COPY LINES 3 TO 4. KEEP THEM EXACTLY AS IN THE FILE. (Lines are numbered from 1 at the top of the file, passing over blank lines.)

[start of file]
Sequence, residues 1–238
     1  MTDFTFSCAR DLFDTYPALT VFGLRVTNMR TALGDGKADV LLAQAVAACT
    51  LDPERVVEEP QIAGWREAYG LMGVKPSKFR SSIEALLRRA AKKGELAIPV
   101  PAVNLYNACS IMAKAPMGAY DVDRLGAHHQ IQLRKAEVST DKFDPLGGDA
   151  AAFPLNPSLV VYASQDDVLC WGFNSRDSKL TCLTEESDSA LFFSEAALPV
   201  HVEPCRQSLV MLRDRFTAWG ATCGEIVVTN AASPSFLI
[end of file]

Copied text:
    51  LDPERVVEEP QIAGWREAYG LMGVKPSKFR SSIEALLRRA AKKGELAIPV
   101  PAVNLYNACS IMAKAPMGAY DVDRLGAHHQ IQLRKAEVST DKFDPLGGDA